Expedited by the fire in the Moria refugee camp on the Greek island of Lesbos, the European Commission presented a proposal for a “New Pact on Migration and Asylum” on September 23 that, in addition to offering a range of legislative proposals, is to serve as a basis for future cooperation with the African Union (AU) and African states, which are important countries of origin and transit for migrants and refugees. Within the framework of its EU Council presidency, Germany played a central role in the underlying negotiations and sought to set priorities that will extend beyond its term and into the Portuguese presidency, which started in January 2021. At the same time, the postponement of the EU-AU Summit until spring/summer 2021 provides the necessary space to identify and discuss issues relating to the partnership.
Between European pragmatism and the failure to recognize Africa’s realities
Victoria Rietig, head of the Migration Program at the German Council on Foreign Relations gave a substantive overview and pragmatic evaluation of the legislative proposal for a New Pact on Migration and Asylum. According to Rietig, the pact attempts to offer a compromise and create coherence between the European states, whose approaches to migration and asylum can differ markedly. However, many points in the proposed legislation remain unclear, Rietig said, especially in the areas of external relations and legal migration.
This was followed by two replies. First, Sylvie Nantcha, chairperson of TANG e.V. – The African Network for Germany, gave an overview of the African perspective. It was particularly striking that the proposal for the new pact was accepted without any reaction from the African continent. Nantcha attributed this, on the one hand, to the fact that the issue of internal migration is of much greater importance to African states than international migration and, on the other, to the Covid-19 pandemic, which has been greatly constraining nations confronted by existential issues. It was also significant, she said, that the EU had hardly consulted with African states and the AU on the proposed pact as it was being developed. She noted that, from the African perspective, a number of points posed difficulties in terms of their practical implementation, such as the screening of individuals at Europe’s external borders, the designation of safe third countries and, in particular, the strong focus on return migration, which is generally not in the interest of African states, which depend on remittances from their citizens living abroad. The pact must be adapted to reflect African realities, she said in conclusion.
Both Rietig and Nantcha called for mutual respect and for speaking and working with each other as equals – even if those often seem to be empty words – so the two sides can collaborate on migration policy in a sustainable and effective way. Both continents are fundamentally dependent on each other for the implementation of migration policy measures.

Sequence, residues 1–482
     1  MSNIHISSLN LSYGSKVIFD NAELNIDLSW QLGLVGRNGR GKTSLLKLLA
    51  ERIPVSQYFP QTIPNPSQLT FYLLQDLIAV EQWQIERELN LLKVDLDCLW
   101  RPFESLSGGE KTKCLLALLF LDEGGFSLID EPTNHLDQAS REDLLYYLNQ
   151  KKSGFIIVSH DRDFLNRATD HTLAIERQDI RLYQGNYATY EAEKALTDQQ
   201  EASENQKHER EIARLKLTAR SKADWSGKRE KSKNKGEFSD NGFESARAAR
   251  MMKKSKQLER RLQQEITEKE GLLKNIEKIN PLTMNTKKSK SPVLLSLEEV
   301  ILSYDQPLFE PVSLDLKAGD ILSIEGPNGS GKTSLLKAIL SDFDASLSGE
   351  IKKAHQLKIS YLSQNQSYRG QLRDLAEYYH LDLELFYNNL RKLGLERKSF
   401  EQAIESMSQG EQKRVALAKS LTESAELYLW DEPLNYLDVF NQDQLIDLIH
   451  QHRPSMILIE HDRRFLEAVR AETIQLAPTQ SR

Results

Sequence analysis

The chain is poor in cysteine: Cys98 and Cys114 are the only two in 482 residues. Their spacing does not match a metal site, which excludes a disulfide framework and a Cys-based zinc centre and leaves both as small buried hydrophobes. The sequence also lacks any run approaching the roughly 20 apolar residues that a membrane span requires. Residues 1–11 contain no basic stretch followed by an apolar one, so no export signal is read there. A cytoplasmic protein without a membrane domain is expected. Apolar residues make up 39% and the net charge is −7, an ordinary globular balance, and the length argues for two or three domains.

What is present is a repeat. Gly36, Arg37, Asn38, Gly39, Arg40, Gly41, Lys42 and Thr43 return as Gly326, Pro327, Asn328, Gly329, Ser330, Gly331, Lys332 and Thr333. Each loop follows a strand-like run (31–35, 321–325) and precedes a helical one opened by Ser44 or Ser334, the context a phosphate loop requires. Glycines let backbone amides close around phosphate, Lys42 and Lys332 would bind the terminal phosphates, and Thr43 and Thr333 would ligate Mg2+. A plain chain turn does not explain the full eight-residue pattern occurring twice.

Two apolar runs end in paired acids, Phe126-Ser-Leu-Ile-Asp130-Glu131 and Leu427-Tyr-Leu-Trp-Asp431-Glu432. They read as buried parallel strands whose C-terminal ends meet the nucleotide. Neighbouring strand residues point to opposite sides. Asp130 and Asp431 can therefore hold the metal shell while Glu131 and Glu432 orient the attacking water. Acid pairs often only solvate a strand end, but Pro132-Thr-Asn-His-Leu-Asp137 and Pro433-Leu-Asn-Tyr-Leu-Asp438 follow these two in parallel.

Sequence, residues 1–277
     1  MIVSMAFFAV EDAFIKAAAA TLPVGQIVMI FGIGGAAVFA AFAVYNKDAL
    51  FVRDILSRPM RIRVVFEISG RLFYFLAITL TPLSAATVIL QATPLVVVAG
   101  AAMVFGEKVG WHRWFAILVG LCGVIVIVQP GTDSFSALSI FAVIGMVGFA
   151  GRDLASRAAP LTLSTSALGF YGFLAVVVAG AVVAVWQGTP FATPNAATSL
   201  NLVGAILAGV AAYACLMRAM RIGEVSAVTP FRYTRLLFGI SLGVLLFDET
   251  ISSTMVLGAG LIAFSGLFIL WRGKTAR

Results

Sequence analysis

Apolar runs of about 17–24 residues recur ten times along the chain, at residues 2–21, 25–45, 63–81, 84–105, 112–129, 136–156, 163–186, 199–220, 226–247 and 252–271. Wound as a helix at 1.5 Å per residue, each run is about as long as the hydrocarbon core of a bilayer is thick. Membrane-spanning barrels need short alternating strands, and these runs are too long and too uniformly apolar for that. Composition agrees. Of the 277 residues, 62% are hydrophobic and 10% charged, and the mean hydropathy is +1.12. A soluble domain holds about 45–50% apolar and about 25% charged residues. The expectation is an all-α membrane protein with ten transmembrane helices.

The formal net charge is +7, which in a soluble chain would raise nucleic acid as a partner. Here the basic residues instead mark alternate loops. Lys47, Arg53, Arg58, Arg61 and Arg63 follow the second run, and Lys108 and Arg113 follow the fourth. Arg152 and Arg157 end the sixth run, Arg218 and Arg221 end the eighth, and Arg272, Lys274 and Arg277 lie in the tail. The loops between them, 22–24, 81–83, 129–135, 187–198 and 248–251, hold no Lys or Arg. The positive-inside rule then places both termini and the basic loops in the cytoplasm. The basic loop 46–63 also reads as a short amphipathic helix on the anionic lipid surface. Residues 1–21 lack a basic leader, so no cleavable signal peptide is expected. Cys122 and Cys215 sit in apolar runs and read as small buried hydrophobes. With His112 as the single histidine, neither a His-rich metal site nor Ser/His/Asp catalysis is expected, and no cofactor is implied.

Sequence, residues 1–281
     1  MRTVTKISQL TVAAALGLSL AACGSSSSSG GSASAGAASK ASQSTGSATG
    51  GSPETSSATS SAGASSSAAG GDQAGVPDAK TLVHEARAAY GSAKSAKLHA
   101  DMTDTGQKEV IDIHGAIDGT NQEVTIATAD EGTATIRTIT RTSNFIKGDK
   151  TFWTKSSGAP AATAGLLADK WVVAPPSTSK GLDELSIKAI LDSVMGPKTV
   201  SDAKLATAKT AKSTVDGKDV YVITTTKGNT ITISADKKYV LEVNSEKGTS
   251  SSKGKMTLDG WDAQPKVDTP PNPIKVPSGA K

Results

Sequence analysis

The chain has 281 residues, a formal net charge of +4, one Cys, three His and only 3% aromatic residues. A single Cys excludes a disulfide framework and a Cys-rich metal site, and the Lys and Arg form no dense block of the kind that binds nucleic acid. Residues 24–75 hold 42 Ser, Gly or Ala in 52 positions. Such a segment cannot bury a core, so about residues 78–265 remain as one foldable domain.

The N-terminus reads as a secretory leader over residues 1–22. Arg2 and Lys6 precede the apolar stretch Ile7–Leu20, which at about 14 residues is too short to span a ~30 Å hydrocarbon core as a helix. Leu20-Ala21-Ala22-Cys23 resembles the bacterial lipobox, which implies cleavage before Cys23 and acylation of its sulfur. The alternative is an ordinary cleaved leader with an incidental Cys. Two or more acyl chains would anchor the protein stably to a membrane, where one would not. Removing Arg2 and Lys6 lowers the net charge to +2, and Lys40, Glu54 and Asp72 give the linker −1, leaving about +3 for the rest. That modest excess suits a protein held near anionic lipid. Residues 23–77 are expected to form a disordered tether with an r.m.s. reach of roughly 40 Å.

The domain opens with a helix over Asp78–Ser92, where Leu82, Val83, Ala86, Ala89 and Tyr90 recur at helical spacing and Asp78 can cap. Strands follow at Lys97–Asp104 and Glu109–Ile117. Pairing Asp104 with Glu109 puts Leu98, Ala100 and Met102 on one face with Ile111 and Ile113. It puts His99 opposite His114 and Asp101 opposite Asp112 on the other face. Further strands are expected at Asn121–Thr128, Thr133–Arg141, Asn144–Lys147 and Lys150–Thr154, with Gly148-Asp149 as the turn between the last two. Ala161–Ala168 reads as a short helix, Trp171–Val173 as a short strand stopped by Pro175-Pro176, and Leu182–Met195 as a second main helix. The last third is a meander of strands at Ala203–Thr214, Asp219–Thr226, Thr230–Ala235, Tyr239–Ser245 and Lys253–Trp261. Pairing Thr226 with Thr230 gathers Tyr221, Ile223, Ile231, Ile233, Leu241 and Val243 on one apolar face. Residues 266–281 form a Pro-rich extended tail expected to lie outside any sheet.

The second reply was given by Maximilian Popp, deputy head of the International desk at German newsweekly Der Spiegel. From the perspective of journalistic practice, he provided insights into human rights violations taking place on Europe’s external borders and painted a critical picture of a policy for “preventing migration” on the European side, while also pointing out constructive options for the future.
Possibilities for resolving a complex debate?
The discussion that followed was extremely lively and productive – which, as many participants noted, was unusual for such a format dedicated to a much-discussed topic like the proposed pact. Renowned experts actively contributed to the discussion, including Günther Burkhardt, managing director of the nonprofit Pro Asyl; Daniel Thym, professor of Public Law, European and International Law at the University of Konstanz; David Kipp from SWP, the German Institute for International and Security Affairs; Eduard Gnesa, former director of the Swiss Federal Office for Migration; Kamal Kassam from the German Federal Institute for Population Research; Bernward Ostrop from the German Caritas Association; and department heads and advisors from the Federal Foreign Office and the Federal Ministry for Economic Cooperation and Development.
Even if no conclusive approach has emerged for resolving what is a complicated debate and reality, the event did provide a number of important – and promising – possibilities going forward. It is important to highlight positive examples of how more balanced migration partnerships can be created – as Switzerland has done. Better partnerships should greatly expand the focus on return migration, including its preparation, embedding and reintegration, and, above all, anchor opportunities for the legal migration of different population groups. During the discussion, particular emphasis was put on vocational education partnerships as a sustainable model for all sides, even if it was clear that small pilot initiatives are by no means sufficient. An expansion of existing partnerships was also suggested, for example in exchange with the United States under the Biden administration. Germany is an important player in such approaches and, given its critical public, is certainly open to positive ideas on asylum and migration policy. “Staying power” is needed for negotiating a New Pact on Migration and Asylum, not to mention for developing cooperative partnerships with African states. At the same time, this extended process could provide precisely the space that is needed for an effective exchange. We will continue to report on further developments.
Speakers’ remarks are available here (video in German only).